Cats who refuse to eat are at risk of hepatic lipidosis. The body sends fat to the liver as an alternate source of energy, which overwhelms it. Obese cats or cats who have previously had hepatic lipidosis are at increased risk.

Prescription diets are routinely prescribed to treat or manage certain diseases such as kidney disease, hyperthyroidism and allergies and it is not uncommon for a cat to refuse to eat the diet which can make the disease difficult to manage and a recurrence of symptoms.


Coprophagia is a form of pica in which the cat consumes feces. Kittens are more likely to engage in the consumption of feces, and one scientific theory is that this is an instinctive behaviour to ensure normal gastrointestinal flora. Medical causes include insufficient diet, nutritional deficiencies, gastrointestinal worms and malabsorption disorders.

The consumption of feces puts the cat at risk of several infectious diseases and parasites and

Seeking help

A veterinarian should assess any cat with a suspected eating disorder to determine if the cause is physical or psychological. The veterinarian will perform a complete physical examination of the cat and obtain a medical history from you including how long the cat has been displaying an eating disorder, if there are other pets in the home, and if you have noticed any accompanying signs.

Baseline tests which include urinalysis, biochemical profile and complete blood count can give the veterinarian an overall picture of the cat’s health. Depending on their index of suspicion, they may choose to run additional checks to check for common diseases which can affect a cat’s appetite.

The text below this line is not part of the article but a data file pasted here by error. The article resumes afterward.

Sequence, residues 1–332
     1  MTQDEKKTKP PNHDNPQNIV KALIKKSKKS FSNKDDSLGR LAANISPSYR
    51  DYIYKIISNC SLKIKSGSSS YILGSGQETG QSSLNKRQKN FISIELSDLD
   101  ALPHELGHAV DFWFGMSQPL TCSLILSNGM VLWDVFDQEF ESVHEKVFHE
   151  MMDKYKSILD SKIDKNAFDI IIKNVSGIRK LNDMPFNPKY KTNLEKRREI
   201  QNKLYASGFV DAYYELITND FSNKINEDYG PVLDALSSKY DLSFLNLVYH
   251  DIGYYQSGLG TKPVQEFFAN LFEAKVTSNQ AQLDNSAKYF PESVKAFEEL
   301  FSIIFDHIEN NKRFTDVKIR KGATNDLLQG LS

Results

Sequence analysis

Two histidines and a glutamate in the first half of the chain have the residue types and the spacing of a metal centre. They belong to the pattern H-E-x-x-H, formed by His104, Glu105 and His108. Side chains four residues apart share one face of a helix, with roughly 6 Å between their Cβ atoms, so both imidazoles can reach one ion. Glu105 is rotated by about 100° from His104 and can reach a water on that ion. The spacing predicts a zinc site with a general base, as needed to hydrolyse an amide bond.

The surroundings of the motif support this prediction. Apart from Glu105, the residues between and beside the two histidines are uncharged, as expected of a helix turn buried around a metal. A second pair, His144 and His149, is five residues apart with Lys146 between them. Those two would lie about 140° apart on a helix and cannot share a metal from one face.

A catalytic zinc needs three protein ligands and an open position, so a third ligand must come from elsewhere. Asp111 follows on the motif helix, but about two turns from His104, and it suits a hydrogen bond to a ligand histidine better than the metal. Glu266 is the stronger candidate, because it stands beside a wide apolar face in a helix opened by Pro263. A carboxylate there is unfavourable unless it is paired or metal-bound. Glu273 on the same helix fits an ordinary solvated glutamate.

Treatment is aimed at addressing any medical problems as well as managing symptoms associated with the disorder. This may include:

  • Encourage the anorectic cat to eat with highly palatable foods, appetite stimulants and in severe cases, a feeding tube.
  • Strict adherence to the amount of food the overeater is fed to prevent obesity or reduce the cat’s weight.
  • Food puzzles and interactive games can help the bored cat and slow down fast eaters.
  • Cats in multi-pet homes should be fed separately to make sure each cat receives his or her share. If one cat is guzzling food and moving onto the next cat’s bowl, try feeding in separate rooms or using microchip feeders, which are programmed to only feed one cat.
  • Change diets gradually, over a few days by adding a small amount of the new food and mixing it in with the old. It can take several days to switch over to the new type of food.
  • Most cats with pica have a favourite target, and pet owners must take care to keep these objects away from the cat. Redirecting to a more suitable object, such as a food puzzle may help as well as environmental enrichment and play therapy. In some cases, drug therapy with tricyclic antidepressants or selective serotonin reuptake inhibitors may be necessary.
  • Feed cats with coprophagia a complete and balanced diet and remove solids from litter trays as soon as you can.


  • Julia Wilson, 'Cat World' Founder

    Julia Wilson is the founder of Cat-World, and has researched and written over 1,000 articles about cats. She is a cat expert with over 20 years of experience writing about a wide range of cat topics, with a special interest in cat health, welfare and preventative care. Julia lives in Sydney with her family, four cats and two dogs. Full author bio